Those of you who don’t frequent the London Python Dojo wouldn’t appreciate the in-joke behind the laughter which greeted the selection of “20 Questions” as the challenge for last night’s Dojo. For months Nicholas Tollervey, the main Dojo organiser, has seeded the list of Dojo suggestions with the idea of implementing a simple expert system where the computer maintains a taxonomy of objects and tries to identify an object of your selection within 20 guesses by a process of elimination. It’s become a source of humour that Nicholas has to offer the same explanation every month and that the idea is never selected as the challenge du jour. Well last night it was.
And I admit that it was much more involved than I had thought it would be. I honestly thought we’d be done in 10 minutes and looking for ways to fancy up the interface or whatever. How wrong I was! The teams split between a tree-based structure with nodes holding questions & answers and yes/no pointers; and a matrix of questions which attempted to eliminate possible objects with each question. Getting the exact looping and yes/no pointing right is harder than you might expect, especially when you’re pressed for time and you have a team of five people to consider.
We were hosted, not for the first time, by Mind Candy (of Moshi Monsters fame) in their gorgeously child-friendly offices with Mind Candy local Al Broomhead as MC. And, as always, O’Reilly provided a book for the end-of-evening raffle. I’m consistently impressed by O’Reilly’s readiness to support us: I imagine it doesn’t cost them loads to give away a book a month, but they could so easily turn us down and they continue to provide, month after month.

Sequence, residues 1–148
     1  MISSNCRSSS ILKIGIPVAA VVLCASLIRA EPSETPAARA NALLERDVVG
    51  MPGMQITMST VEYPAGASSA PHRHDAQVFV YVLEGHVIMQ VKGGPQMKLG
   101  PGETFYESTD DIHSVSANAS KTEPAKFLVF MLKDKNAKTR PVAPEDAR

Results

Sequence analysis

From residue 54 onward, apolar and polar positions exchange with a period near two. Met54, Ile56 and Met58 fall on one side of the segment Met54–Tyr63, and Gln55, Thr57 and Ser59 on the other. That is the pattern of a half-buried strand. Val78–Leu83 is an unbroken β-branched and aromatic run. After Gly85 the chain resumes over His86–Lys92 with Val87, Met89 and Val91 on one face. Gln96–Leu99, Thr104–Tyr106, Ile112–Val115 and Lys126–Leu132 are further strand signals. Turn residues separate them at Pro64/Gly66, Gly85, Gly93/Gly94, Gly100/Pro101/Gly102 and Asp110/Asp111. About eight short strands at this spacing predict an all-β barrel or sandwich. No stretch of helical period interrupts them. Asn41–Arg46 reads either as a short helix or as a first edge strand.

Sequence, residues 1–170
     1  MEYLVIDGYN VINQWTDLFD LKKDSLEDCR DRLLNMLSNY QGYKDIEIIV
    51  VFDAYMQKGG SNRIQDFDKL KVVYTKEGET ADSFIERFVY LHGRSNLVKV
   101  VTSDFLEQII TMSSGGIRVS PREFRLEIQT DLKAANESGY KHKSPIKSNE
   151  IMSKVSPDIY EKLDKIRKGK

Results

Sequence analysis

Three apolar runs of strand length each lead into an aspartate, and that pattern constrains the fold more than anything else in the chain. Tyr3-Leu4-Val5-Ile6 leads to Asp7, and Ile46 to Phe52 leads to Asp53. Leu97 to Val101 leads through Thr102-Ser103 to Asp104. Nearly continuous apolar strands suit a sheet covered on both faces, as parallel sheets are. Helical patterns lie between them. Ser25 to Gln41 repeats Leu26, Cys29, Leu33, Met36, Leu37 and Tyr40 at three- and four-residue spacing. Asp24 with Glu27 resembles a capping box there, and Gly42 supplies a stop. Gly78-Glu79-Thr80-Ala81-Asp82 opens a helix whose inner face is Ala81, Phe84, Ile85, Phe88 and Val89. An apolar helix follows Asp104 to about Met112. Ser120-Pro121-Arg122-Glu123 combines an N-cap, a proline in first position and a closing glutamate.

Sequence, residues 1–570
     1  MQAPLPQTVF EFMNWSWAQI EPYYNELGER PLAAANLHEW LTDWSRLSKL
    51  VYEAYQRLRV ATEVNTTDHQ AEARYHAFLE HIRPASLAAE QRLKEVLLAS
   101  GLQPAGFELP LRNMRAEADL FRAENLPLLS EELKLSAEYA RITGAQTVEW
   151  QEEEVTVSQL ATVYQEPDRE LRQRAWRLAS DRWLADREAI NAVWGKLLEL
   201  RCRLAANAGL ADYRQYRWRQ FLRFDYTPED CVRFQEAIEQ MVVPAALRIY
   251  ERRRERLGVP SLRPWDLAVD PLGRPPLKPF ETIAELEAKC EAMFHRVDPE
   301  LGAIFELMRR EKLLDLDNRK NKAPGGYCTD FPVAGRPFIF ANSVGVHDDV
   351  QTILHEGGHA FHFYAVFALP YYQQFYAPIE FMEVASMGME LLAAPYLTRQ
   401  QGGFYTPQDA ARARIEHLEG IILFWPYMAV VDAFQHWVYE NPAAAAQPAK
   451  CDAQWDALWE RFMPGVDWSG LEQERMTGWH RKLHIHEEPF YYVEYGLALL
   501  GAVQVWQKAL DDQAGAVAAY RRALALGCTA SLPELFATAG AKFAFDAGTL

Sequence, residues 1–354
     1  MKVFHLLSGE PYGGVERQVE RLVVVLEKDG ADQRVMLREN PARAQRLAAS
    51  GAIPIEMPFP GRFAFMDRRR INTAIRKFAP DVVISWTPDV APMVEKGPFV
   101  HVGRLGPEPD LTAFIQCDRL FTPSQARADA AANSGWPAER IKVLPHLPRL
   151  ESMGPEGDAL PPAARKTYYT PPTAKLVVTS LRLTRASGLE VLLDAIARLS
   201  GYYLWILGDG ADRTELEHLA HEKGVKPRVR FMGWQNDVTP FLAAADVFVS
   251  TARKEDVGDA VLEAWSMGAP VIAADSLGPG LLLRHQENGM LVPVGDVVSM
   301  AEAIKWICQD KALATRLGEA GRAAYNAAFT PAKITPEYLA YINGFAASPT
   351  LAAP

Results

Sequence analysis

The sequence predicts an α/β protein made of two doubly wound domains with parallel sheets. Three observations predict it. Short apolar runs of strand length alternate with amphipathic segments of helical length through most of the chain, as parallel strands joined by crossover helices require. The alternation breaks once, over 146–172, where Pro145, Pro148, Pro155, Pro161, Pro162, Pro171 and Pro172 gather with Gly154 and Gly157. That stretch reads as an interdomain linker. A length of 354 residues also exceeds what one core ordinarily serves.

There have been discussions, on-list and in private, about various aspects of the London Python Dojo and the organisers have various ideas in mind, but we’re not planning to do anything drastic to the current approach. (Although our setup means we can easily experiment with something if we want). Our main idea is to emphasise our status as a beginner-friendly forum where everyone can and should get a chance to code in Python even if they’re a newbie amongst experts. I’m glad to say that, in our team yesterday, everyone got a chance to code, however lightly.
Beforehand, @ntoll gave a talk about the upcoming PyConUK and particularly about the education track, encouraging people who know or are teachers and who know or are children to come along to these special aspects of the conference. I also gave a lightning talk about the socio-political challenges in Python core development — and about how people could and should contribute.
[The title of this post refers to a commonly-asked question shouted out from the audience as the various teams were demo-ing their approaches. Demonstrating necessarily involves going through as a series of “Is it …?” “What question could I ask…?” prompts and this one turned out to be a popular question, especially if the object in mind was a Robotic Catfish!]